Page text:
Student Government: SG hopes extra money will motivate representatives
The Student Government (SG) Senate passed a bill Tuesday night that allows senators to receive $150 or gifts of the same value if they work exceptionally hard.
The specifics of how the program will be implemented or how it will operate are unclear, however, as they must be approved by the Senate in order for the gift program to take effect.
As it stands, the bill requires that senators fill out a report every month of what they’ve done and how many hours they have worked. Senators will have to write a two-page reflection paper each month, explaining what they have done and how it helped the University. Senators also have to explain why they think they deserve to receive the cash, called an “incentive,” by supporters. The senators must also be in good standing with the Senate, meaning they must attend Senate meetings and contribute to discussion regularly. The incentive will be paid by Activity and Service (A&S) fees, and will be divided once a semester during fall and spring, but not during the summer.
“They have to prove they’ve done work,” said Senate Pro Tempore Nicole Randazzo and author of the bill.
The senators hand in their reports to the Senate Executive Committee (SENEX), which chooses who’s eligible to receive the incentive. There is no cap on how many senators can be chosen so as long as they are not part of the SENEX or the A&S recommendation committee (ASRC). Senators part of SENEX or ASRC are ineligible because they hold paid positions.
Randazzo said that the bill would improve the student body because it will encourage senators to go above and beyond their obligations.
Senate President Nathan Davison said the monetary part of the bill is just a byproduct of what the Senate wants to accomplish – to get their senators working harder and to become more involved.
“We’re using the incentive as a carrot,” Ralph Reid said. “It doesn’t have to be money.”
He also said it would generate a better ability to understand what the students want.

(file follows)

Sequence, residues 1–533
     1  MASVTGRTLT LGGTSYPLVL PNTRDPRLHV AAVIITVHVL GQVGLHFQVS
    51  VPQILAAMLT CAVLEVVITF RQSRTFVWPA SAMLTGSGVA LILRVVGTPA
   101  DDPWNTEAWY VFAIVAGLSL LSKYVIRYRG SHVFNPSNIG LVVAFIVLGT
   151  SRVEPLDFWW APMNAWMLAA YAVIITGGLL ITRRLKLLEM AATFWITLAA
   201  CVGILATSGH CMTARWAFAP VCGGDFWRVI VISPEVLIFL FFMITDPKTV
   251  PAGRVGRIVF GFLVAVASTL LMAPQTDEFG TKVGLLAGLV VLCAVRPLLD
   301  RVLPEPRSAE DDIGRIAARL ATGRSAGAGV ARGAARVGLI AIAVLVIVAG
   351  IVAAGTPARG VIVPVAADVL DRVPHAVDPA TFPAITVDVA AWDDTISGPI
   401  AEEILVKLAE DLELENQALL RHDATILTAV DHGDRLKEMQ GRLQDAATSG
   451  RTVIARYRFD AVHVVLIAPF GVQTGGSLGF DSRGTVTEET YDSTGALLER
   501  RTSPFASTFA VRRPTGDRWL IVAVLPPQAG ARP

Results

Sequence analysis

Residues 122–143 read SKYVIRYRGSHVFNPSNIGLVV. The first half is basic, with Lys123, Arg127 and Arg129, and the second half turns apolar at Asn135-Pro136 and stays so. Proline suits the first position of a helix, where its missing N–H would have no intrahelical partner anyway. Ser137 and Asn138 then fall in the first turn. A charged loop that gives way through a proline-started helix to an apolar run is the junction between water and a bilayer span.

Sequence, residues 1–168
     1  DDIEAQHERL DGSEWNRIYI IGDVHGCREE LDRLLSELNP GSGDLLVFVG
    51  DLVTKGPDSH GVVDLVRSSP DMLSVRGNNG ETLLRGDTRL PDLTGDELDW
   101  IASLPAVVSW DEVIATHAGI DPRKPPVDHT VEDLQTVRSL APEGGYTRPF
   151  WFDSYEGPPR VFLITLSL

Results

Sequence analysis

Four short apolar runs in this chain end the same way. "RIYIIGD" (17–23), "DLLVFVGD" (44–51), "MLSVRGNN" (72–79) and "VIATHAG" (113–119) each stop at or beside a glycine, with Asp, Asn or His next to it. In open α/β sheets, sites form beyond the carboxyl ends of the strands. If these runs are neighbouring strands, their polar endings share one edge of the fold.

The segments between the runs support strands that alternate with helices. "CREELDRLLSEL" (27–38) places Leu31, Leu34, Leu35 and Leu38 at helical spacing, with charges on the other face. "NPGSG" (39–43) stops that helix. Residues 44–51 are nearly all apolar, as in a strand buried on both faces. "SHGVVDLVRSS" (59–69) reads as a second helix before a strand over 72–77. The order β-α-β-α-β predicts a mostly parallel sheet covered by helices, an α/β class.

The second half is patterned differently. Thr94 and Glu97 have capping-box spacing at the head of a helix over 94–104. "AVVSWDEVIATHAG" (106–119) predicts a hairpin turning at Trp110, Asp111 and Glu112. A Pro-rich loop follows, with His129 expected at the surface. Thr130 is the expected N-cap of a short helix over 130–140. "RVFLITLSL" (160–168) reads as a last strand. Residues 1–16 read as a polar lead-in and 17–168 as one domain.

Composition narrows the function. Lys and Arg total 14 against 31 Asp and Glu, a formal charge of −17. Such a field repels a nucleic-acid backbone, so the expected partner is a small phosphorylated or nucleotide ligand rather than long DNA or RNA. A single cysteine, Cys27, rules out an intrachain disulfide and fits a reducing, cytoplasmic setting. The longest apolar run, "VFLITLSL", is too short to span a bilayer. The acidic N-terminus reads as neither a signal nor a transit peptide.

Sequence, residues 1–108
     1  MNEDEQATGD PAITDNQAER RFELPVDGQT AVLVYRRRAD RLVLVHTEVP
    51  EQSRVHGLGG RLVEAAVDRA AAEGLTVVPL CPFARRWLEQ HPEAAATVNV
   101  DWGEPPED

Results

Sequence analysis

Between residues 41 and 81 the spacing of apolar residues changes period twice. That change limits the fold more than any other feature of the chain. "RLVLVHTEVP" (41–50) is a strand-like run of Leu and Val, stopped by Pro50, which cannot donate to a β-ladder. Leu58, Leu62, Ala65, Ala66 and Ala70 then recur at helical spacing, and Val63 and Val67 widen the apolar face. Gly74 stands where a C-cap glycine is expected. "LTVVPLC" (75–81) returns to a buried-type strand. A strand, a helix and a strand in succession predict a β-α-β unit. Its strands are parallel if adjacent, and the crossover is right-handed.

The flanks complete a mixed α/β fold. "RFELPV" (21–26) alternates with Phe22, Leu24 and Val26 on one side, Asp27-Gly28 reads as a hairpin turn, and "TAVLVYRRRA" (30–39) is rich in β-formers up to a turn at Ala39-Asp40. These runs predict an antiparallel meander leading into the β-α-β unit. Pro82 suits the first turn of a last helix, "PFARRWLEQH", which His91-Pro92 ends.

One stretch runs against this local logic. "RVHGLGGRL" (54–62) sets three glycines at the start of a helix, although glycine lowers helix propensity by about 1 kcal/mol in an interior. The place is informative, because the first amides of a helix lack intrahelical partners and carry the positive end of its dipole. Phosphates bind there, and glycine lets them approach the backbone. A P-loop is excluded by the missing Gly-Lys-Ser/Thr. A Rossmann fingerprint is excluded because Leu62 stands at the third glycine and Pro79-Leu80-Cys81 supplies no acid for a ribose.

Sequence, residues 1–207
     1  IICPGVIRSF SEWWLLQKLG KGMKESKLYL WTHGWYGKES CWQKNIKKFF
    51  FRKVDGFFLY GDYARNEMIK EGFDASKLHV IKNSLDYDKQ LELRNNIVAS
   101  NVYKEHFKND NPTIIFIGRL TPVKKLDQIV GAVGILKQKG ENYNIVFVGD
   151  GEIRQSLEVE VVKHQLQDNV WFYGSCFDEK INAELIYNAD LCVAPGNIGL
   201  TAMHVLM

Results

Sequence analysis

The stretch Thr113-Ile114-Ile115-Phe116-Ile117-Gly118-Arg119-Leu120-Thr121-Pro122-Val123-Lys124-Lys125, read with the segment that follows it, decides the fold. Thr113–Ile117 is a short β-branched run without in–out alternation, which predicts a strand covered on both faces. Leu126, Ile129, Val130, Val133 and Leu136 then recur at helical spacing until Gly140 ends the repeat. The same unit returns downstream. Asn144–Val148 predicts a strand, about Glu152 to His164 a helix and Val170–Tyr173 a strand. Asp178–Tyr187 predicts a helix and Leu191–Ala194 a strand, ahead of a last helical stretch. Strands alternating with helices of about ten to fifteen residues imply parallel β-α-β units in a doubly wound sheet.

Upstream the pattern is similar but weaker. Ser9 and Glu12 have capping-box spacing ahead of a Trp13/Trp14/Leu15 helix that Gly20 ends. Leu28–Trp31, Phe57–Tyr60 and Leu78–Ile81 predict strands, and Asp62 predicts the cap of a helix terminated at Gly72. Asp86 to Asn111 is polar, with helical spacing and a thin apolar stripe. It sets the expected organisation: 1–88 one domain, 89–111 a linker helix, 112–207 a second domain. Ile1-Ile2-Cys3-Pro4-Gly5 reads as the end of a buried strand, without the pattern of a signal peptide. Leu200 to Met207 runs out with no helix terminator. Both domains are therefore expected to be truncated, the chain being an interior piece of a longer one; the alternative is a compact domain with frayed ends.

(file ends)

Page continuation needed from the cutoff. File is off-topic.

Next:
“It will help streamline things,” he said.
The bill passed with a close vote of 11-8 with two abstentions. During a prolonged debate, senators expressed various opinions about the legislation.
Senator Daniel Shelnutt said he felt this is a misallocation of student money and that it is not fair to the students.
“If a senator is here for something other than the inner drive to help the University, then they’re here for the wrong reasons,” he said.
When asked for his vote, he responded: “Student’s money? No.”
Sen. Charles Sherrard agreed and said that other things can be done with student money.
“We should be here for the students,” Sherrard said. “There’s a lot better things we can do with the money than give it to ourselves.”
Sen. Sheldon Tomlinson, as SG veteran of two years, said that he thinks the incentive will help keep senators in SG and improve SG has a whole.
“Anything to motivate us will drive a better Senate,” he said. “We’ll see improved progress and improve effectiveness.”
Sen. Cordell Chavis opposed the bill because he felt that senators should be here for the students, not for payment or incentives.
“The government likes to pay themselves for stupid things,” he said. “Think about how many student organizations could you fund instead of giving this money to senators.”
Sen. Benjamin Brown said that he supported the bill because senators need something else to “push them along.”
“It’s something we need for the life of the Senate,” he said.
Senator Peter Baker, however, felt that if senators are motivated by something other than their desire to help students, then they are motivated for the wrong reasons.
“The desire to do something would be misplaced,” he said.
Chavis said he felt that the bill would not be received well by the student body.
“I’m a little upset,” he said. “We’re probably going to have another Facebook group created (about SG).”
Although he sponsored the bill, Reid agreed with what Chavis said that, as the sponsor, he is unsure of the student reaction.
“Even I don’t think it will (be accepted),” he said. The bill, however, needs to be presented in the right light, he said.